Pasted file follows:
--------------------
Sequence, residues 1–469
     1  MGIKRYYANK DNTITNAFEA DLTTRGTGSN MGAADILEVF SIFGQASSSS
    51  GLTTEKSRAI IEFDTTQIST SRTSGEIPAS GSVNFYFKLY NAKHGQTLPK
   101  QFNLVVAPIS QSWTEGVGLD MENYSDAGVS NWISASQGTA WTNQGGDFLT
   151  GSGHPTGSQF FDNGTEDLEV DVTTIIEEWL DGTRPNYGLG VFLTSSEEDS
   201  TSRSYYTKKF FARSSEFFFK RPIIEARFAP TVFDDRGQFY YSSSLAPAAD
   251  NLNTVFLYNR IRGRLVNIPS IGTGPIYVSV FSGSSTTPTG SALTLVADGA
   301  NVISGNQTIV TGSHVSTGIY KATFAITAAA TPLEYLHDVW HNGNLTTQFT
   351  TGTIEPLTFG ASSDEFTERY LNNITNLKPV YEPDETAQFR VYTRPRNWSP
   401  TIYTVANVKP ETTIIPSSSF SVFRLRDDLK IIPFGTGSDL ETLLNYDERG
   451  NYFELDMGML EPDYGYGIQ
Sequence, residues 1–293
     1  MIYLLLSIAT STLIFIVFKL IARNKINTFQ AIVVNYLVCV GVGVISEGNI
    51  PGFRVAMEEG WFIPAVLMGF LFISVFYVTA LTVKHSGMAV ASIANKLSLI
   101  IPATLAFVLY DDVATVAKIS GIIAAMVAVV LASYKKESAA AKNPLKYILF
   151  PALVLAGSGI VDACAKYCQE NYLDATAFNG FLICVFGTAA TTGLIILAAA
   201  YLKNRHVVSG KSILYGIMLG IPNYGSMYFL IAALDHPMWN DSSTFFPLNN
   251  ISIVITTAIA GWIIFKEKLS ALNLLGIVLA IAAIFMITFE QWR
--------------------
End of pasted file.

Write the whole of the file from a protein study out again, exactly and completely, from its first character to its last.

Sequence, residues 1–469
     1  MGIKRYYANK DNTITNAFEA DLTTRGTGSN MGAADILEVF SIFGQASSSS
    51  GLTTEKSRAI IEFDTTQIST SRTSGEIPAS GSVNFYFKLY NAKHGQTLPK
   101  QFNLVVAPIS QSWTEGVGLD MENYSDAGVS NWISASQGTA WTNQGGDFLT
   151  GSGHPTGSQF FDNGTEDLEV DVTTIIEEWL DGTRPNYGLG VFLTSSEEDS
   201  TSRSYYTKKF FARSSEFFFK RPIIEARFAP TVFDDRGQFY YSSSLAPAAD
   251  NLNTVFLYNR IRGRLVNIPS IGTGPIYVSV FSGSSTTPTG SALTLVADGA
   301  NVISGNQTIV TGSHVSTGIY KATFAITAAA TPLEYLHDVW HNGNLTTQFT
   351  TGTIEPLTFG ASSDEFTERY LNNITNLKPV YEPDETAQFR VYTRPRNWSP
   401  TIYTVANVKP ETTIIPSSSF SVFRLRDDLK IIPFGTGSDL ETLLNYDERG
   451  NYFELDMGML EPDYGYGIQ
Sequence, residues 1–293
     1  MIYLLLSIAT STLIFIVFKL IARNKINTFQ AIVVNYLVCV GVGVISEGNI
    51  PGFRVAMEEG WFIPAVLMGF LFISVFYVTA LTVKHSGMAV ASIANKLSLI
   101  IPATLAFVLY DDVATVAKIS GIIAAMVAVV LASYKKESAA AKNPLKYILF
   151  PALVLAGSGI VDACAKYCQE NYLDATAFNG FLICVFGTAA TTGLIILAAA
   201  YLKNRHVVSG KSILYGIMLG IPNYGSMYFL IAALDHPMWN DSSTFFPLNN
   251  ISIVITTAIA GWIIFKEKLS ALNLLGIVLA IAAIFMITFE QWR